Of course, a lot of people, me included, are very busy multi-tasking when cooking, and prefer to be a bit more carefree when in the kitchen and the fridge, and so just avoid ground meat altogether.

4. Avoid Frozen Foods:

You mean the frozen steaks I buy? And ice cream?

Right, avoid frozen meats and ice cream, frozen vegetables and the like. Because coronaviruses can live for up to 5 years in the freezer, and it's either real hard or impossible to disinfect these foods themselves. With frozen meats and vegetables it's real hard because while you can perhaps get away with washing the wrapping, by the time you finish washing the unwrapped meat or vegetable itself in soapy warm water the item will be at least half thawed. While you might be careful handling these un-disinfected frozen items and eat them only after cooking, which destroys the Covid, your freezer shelves and walls can get infected and they can contaminate any other foods you put in there, plus you or your family can catch Covid just by touching the freezer shelves or walls.

A special word about ice cream. It's impossible to disinfect because one can only wash the container, not the ice cream itself. Even though the milk that ice cream is made from has been pasteurized and therefore safe, the entire production line of processing and churning the milk to make ice cream is in cold temperatures. So any employee along the entire line with pre-symptomatic or asymptomatic Covid might contaminate a batch of ice cream here and there. This would be especially so when Covid's spread explodes during the cold weather later this year. Stored in frozen temperatures, the Covid in the ice cream would live for up to 5 years.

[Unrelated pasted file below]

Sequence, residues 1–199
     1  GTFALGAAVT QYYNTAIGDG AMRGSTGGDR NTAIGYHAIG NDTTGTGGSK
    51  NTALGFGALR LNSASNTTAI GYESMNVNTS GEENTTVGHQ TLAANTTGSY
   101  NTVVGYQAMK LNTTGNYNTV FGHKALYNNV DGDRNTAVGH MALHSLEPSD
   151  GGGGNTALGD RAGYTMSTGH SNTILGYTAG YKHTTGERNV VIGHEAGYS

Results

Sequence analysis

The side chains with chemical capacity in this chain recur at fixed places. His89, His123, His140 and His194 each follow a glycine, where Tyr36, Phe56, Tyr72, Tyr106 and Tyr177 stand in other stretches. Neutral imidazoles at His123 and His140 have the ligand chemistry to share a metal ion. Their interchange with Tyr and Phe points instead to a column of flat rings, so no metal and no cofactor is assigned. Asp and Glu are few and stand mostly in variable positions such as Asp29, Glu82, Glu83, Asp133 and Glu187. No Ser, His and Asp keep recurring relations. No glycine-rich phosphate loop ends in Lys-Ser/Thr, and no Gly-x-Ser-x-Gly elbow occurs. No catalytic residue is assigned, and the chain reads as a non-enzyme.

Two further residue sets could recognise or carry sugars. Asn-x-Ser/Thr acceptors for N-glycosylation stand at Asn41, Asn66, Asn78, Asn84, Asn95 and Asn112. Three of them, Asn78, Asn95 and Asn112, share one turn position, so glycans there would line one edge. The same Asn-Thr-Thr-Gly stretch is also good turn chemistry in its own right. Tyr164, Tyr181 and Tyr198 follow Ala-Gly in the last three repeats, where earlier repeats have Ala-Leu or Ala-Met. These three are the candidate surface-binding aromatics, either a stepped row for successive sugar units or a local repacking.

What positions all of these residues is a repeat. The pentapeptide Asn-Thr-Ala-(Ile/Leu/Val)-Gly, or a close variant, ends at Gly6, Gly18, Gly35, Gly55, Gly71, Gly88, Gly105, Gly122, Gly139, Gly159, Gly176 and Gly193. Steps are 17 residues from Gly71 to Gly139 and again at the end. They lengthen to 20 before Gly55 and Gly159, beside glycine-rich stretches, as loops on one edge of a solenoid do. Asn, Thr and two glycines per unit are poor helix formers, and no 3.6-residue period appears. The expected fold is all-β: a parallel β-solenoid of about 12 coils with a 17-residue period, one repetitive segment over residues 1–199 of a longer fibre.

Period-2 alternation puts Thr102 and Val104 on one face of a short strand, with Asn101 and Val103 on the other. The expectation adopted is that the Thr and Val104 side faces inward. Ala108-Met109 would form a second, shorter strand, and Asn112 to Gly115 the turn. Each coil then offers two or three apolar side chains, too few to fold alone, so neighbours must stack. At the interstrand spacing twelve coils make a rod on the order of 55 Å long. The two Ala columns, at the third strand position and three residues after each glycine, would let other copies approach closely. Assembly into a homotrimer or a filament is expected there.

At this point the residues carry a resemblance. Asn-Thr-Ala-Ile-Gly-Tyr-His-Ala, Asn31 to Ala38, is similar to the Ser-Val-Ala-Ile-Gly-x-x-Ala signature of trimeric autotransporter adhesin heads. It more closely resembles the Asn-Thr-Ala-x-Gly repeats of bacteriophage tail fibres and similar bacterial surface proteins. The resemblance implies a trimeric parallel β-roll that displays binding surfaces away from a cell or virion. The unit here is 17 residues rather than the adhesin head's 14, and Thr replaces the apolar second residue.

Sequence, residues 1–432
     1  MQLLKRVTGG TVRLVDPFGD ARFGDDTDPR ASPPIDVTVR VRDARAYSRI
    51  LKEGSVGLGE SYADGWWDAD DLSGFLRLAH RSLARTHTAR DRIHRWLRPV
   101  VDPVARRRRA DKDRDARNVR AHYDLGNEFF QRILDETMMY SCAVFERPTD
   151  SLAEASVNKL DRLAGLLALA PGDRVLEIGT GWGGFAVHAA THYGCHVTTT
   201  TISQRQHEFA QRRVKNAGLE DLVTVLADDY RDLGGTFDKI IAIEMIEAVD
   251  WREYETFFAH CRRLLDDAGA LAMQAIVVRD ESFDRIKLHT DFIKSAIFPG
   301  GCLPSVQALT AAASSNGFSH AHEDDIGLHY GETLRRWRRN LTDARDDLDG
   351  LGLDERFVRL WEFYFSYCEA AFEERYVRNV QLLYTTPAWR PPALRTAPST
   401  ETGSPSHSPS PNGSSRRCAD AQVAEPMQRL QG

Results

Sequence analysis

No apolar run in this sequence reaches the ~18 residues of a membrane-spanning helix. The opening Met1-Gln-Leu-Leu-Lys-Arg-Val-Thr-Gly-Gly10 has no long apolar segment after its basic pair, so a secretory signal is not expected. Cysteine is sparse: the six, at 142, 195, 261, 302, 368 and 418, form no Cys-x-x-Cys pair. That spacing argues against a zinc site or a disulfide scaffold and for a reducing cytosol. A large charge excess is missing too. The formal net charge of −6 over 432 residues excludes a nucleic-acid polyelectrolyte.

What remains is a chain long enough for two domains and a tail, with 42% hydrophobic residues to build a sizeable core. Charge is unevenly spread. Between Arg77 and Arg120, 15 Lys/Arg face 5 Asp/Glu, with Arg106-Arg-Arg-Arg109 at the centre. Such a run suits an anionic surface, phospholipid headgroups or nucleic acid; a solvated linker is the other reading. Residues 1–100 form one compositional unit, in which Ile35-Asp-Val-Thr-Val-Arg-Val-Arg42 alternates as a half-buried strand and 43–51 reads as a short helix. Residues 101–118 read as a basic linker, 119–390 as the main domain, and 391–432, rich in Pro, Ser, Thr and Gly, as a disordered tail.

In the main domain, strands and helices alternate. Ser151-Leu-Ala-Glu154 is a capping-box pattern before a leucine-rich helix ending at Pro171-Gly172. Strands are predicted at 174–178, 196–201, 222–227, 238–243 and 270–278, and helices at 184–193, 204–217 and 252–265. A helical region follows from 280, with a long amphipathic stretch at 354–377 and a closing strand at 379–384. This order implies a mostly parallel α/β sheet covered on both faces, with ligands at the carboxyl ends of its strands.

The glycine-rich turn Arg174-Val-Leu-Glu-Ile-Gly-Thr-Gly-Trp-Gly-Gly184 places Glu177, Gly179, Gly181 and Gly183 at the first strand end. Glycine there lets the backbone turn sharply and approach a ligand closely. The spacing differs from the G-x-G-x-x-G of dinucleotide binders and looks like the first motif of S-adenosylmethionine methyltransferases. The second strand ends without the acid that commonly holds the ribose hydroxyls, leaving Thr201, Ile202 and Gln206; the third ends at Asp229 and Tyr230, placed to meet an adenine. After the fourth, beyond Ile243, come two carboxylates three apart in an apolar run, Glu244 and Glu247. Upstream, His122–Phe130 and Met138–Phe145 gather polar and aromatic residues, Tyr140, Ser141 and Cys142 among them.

Also a word about trying to disinfect frozen foods and the packages they come in by wiping them down. Many of the liquid disinfectants don't really work on frozen surfaces, including soap, as anyone who has tried to scrub a pot clean with cold soapy water can attest: the grease simply won't come off. You need at least warm soapy water. Covid is a clump of fat and on a frozen object, when the disinfectant reaches Covid at its tiny, quasi-molecular level the disinfectant probably freezes too, or at least is trying to work at freezing temperatures, so good luck trying to dissolve Covid or seep inside Covid to poison it. To disinfect a frozen package, you need to at least half melt the food first.


But I am young and healthy, do I really have to worry?

Yes you do.

First, go here on Covid Advice #6 from 05/17/2020 for some very good reasons to worry about getting it, even if you are young and healthy.

Second, we don't know yet what long term damage Covid can do; we only know it attacks all body and organ systems, not just the respiratory tract.

Third, we don't know what disease can arise from having had Covid -- we know children can get a Kawasaki Disease-like disease called PIMS, which stands for pediatric inflammatory multi-system syndrome, where the heart, kidneys, liver and other organs are seriously and sometimes permanently or even fatally inflamed. We don't know how much later and what diseases might arise in adults, whose metabolism is far slower than children.

Fourth, and this is related, we don't know if Covid attacks the ovaries and testes and whether this would cause birth defects. If so, it would still be a great tragedy for young people who've remained healthy to have had Covid. So don't get it.

Wish you happiness! Stay healthy and stay safe!